How to terminate a contract

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If your business is facing distress due to the current economic climate, reviewing contractual commitments, and identifying opportunities to terminate those that are unproductive, can help significantly in reducing overheads. Here, we explain how to start the termination process, and why legal advice is crucial at every stage.

It’s a fact of life, and business, that circumstances change. Commercial relationships that once seemed productive and profitable can go sour, becoming a huge drain on that business’s resources. Given the many challenges businesses are currently facing, an arduous contract is the last thing you will want to deal with, not least because it can be a huge distraction from what really matters: running the business.

In such circumstances, businesses can explore many options, but if these are exhausted, then terminating the contract and ending the business relationship can be one of the best ways to streamline contractual commitments and focus only on those that are adding value.

Terminating contracts, however, is a serious step, with major implications for your business should you get it wrong. In the worst cases, early termination of a contract could result in a legal claim and sizeable financial damages. This does not mean that you are stuck, but it does mean that treading carefully and seeking legal advice at every stage is crucial to avoid defending any future legal claims.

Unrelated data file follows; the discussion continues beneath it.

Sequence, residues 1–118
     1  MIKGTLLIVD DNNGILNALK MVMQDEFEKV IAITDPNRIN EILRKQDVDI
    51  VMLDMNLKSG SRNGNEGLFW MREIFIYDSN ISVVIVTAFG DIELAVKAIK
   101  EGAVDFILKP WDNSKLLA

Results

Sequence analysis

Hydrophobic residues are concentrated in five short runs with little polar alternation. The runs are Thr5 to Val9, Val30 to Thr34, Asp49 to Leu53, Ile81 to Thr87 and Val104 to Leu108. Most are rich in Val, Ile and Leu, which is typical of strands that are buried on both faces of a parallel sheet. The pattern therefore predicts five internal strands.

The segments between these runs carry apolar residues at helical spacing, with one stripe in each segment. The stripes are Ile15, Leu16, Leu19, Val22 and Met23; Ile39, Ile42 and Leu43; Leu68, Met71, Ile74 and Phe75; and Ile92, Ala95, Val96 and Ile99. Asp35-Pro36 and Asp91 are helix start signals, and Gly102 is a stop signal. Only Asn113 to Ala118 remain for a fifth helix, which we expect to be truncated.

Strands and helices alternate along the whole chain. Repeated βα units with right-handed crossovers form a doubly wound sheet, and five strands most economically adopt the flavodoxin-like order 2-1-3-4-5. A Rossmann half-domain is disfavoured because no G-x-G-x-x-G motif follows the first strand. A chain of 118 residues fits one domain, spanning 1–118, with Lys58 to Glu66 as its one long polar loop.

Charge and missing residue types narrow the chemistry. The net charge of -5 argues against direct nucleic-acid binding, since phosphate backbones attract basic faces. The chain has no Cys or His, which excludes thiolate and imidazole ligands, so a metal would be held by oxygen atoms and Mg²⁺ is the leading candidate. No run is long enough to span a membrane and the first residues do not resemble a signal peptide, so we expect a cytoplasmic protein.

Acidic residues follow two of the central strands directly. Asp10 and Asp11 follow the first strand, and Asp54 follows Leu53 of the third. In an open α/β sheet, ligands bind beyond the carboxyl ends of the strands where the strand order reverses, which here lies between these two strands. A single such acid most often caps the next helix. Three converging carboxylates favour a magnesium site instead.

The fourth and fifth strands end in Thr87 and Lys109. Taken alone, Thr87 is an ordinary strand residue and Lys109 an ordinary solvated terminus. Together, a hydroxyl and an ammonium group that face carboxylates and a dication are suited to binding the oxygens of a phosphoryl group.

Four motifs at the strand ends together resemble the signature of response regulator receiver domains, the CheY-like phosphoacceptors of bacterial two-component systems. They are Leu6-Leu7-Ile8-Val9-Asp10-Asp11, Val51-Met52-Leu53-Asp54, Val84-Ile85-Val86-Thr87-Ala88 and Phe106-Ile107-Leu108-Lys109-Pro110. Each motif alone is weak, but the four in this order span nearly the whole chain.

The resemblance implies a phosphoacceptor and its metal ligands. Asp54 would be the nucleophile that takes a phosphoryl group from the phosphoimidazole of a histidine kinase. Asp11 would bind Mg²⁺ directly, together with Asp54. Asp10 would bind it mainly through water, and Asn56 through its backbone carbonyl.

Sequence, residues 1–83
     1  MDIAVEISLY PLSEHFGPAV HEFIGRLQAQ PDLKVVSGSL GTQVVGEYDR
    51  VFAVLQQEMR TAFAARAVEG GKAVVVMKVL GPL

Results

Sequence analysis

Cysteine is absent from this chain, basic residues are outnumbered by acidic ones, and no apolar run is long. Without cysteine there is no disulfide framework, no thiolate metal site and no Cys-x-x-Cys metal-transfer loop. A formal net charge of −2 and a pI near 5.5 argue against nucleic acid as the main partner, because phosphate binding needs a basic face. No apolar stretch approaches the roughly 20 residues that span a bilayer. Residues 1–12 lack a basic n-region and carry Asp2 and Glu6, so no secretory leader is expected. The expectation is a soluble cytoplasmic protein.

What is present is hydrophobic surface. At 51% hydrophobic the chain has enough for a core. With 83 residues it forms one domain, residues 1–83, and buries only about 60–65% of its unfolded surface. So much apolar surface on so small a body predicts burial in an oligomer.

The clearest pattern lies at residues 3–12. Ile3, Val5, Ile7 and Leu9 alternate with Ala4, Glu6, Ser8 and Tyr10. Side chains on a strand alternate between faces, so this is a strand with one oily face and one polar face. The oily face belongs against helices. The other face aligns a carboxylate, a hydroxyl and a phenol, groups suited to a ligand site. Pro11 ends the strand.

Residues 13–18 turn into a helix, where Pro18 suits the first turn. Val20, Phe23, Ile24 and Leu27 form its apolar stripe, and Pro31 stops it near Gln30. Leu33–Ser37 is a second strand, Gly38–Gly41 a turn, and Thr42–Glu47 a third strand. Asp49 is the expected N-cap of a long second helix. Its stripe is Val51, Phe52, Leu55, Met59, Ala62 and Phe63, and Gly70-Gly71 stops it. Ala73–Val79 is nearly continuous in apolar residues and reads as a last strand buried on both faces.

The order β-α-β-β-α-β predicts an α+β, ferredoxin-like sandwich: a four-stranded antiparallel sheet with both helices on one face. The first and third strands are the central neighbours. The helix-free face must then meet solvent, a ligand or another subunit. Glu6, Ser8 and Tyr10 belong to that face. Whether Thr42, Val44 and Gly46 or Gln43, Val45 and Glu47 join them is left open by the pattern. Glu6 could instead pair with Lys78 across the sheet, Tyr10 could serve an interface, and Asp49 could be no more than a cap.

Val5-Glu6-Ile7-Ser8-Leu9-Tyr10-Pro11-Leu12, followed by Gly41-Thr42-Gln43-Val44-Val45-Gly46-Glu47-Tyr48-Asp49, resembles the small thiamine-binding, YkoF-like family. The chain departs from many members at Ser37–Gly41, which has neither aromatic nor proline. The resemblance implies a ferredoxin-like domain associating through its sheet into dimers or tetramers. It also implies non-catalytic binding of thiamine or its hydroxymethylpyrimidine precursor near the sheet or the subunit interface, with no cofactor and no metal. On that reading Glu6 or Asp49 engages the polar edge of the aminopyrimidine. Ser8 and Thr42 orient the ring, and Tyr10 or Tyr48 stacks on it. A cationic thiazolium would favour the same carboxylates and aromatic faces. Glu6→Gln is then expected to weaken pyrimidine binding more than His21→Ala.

What causes a contract dispute?

Most important business relationships are governed by a written contract. These can either be bespoke or based on standard terms of business. Disputes usually arise when one party breaks (or appears to break) one or more of the contract’s provisions.

In the case of termination, this may be triggered by a potential break from a termination clause or its relevant provisions. For this reason, engaging a legal adviser early – before even notifying the other party of your intentions to terminate the relationship – is crucial. As a first step, they can review the contract and advise you of what it permits in terms of ending the contract. They should also consider the relevant provisions – many of which are not always immediately obvious – and ensure these are accounted for in any advice.

How can you terminate the contract?

Once you and your legal adviser have thoroughly reviewed the contract, you can assess your options and agree next steps. These will depend upon the strength of your legal position under the contract. If your legal position is weaker than expected, you may need to work with your legal adviser to ensure that your business is in the best possible position for when you do decide to proceed with termination. As with every stage of this process, legal advice should be sought and followed.

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